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Volcano insurance in Hawaii

The islands of Hawaii and Maui have six active volcanoes, including the largest active volcano on earth, called Mauna Loa. [1] If you live near one of these volcanoes, it may be difficult to find coverage because your home is so at risk for volcano-related damage. 

If you’ve been denied coverage by traditional home insurance companies in Hawaii, you may need to buy a policy through the Hawaii Property Insurance Association (HPIA) — Hawaii’s Fair Access to Insurance Requirements (FAIR) Plan. FAIR Plans are designed to provide coverage for homeowners in high-risk areas that don’t qualify for standard home insurance. 

Volcano insurance in Alaska 

Like Hawaii, homeowners in Alaska are also at greater risk of volcanic eruptions. Alaska doesn’t offer a FAIR Plan, so if you live near a volcano, speak with a Policygenius licensed agent to see if there’s any additional volcano-related coverage that you can add to your policy for enhanced protection. 

How to file a home insurance claim after a volcanic eruption

Follow these steps if your home’s been damaged by a volcanic eruption and you need to file a home insurance claim:

  1. Document all of the damage. Take photographs of all of the damage — it will help provide evidence when you file your claim. Refrain from throwing away anything that’s damaged, as that will also help support your claim.

  2. Take measures to ensure your house is safe to return to. This means removing any ash or dust from your roof and gutters before it accumulates and causes damage. Steer clear of any parts of your home that appear structurally unsound — you’ll want a professional to assess the damage to ensure it’s safe to return to.

  3. Contact your insurance company. They’ll let you know how to begin the claims process, including what documents you need to fill out. When they’ve received all of the paperwork, they’ll send an adjuster to your home to assess the damage and determine your claim settlement.

  4. Repair your home and replace your belongings. You’ll likely receive multiple checks from your insurance company — one for the repairs to the structure of your home, one for additional living expenses if you can’t live there during repairs, and one for your personal property.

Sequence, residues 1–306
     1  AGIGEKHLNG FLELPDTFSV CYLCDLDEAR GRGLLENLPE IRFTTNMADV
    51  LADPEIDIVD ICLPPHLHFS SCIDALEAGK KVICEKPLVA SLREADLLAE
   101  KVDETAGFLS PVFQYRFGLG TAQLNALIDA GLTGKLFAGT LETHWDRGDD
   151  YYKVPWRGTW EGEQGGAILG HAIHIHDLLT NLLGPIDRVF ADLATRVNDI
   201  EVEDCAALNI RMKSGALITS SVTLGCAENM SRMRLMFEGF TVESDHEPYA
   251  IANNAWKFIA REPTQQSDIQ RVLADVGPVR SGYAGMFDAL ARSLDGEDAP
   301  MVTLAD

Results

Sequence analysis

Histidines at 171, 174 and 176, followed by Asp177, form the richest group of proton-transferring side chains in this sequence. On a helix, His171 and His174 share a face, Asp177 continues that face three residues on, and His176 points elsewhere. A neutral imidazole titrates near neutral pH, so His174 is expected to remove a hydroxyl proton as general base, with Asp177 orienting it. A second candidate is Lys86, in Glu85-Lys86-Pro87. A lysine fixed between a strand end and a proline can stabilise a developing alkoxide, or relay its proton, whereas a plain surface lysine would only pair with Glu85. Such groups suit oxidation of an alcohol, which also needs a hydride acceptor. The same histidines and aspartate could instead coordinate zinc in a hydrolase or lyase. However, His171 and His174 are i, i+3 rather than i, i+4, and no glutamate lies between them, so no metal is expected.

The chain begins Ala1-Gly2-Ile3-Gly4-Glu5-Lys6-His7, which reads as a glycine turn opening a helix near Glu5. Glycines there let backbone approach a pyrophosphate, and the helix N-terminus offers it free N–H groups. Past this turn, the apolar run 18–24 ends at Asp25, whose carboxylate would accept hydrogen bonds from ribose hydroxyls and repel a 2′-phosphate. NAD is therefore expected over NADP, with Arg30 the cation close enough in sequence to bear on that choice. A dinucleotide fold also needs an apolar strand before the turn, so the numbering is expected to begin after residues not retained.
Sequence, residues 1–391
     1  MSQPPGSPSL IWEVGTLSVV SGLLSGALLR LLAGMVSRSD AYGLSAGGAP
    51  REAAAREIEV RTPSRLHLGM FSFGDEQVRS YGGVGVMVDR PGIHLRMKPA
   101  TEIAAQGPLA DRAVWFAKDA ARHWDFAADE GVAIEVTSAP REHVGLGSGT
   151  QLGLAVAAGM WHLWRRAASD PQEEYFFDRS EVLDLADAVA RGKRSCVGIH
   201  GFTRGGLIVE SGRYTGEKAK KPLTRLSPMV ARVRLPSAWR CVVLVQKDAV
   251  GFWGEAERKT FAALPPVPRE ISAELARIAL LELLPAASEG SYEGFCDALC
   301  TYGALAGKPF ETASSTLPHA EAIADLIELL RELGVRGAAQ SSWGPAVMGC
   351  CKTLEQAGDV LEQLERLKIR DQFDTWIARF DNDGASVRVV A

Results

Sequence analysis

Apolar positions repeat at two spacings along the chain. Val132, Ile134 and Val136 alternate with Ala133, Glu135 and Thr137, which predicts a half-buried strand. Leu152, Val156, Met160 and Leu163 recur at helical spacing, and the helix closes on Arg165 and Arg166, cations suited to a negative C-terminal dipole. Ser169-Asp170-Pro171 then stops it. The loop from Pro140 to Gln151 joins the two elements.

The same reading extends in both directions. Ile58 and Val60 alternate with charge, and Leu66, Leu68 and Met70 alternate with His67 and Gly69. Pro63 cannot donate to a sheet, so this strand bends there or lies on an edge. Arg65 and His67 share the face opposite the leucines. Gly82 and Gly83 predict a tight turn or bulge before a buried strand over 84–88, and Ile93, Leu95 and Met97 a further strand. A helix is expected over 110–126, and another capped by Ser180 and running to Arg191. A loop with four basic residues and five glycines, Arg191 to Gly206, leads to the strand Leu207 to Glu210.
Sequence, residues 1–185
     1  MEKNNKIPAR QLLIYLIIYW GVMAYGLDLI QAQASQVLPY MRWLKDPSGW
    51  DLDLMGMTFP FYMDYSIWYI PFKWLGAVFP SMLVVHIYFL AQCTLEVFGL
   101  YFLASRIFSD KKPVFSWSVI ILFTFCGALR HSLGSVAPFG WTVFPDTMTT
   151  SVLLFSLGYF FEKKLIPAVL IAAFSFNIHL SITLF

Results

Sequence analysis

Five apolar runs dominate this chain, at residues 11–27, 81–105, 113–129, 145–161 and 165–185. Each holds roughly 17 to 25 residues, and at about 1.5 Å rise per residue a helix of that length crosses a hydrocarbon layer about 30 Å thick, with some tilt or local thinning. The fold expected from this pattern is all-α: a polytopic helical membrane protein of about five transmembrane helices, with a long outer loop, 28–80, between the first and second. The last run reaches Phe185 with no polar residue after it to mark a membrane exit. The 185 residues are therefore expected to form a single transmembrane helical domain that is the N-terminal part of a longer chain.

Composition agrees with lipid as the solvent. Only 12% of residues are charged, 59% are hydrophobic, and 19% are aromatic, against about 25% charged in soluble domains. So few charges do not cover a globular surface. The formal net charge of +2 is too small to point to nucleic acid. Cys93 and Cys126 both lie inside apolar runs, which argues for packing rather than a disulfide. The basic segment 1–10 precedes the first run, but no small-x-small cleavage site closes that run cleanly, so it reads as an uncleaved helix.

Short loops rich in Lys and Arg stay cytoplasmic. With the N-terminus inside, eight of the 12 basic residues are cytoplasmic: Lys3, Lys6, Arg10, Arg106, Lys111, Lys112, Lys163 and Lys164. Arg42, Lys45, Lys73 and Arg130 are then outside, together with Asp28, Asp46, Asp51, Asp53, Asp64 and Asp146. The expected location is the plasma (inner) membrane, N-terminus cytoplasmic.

→Learn more about how to file a claim after a natural disaster

Top 10 most dangerous volcanoes in the U.S. 

Homeowners in five states — Hawaii, Washington, Alaska, California, and Oregon — are at the greatest risk of danger from a volcanic eruption. Below are the 10 volcanoes in the U.S. with the highest threat level, according to the U.S. Geological Survey. [2]  

RankName of volcanoStateOverall threat scoreLast eruption
1KīlaueaHawaii263December 2020
2Mount St. HelensWashington235May 1980
3Mount RainierWashington2031894
4Redoubt VolcanoAlaska201March 2009
5Mount ShastaCalifornia178May 1914
6Mount HoodOregon178September 1865
7Three SistersOregon1652,200 years ago
8Akutan IslandAlaska161December 1992
9Makushin VolcanoAlaska161January 1995
10Mount SpurrAlaska160June 1992

How to find your home’s risk of damage from volcanic eruption

You can visit the U.S. Geological Survey’s Volcano Hazards hub to sign up for volcano activity notifications and see an interactive map of all of the potentially active volcanoes in the U.S. They also have long-term hazards assessments for areas at risk of volcanic activity along with eruption preparedness plans.

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Frequently asked questions

Does earthquake insurance cover volcanoes?

Earthquake insurance covers damage from earth movement caused by a volcano, including tremors, landslides, and aftershocks.

Is it possible to volcano-proof a house?

One way to make your home more resilient in the event of a volcanic eruption is to reinforce your roof with a steep pitch to prevent ash from building up and causing it to collapse.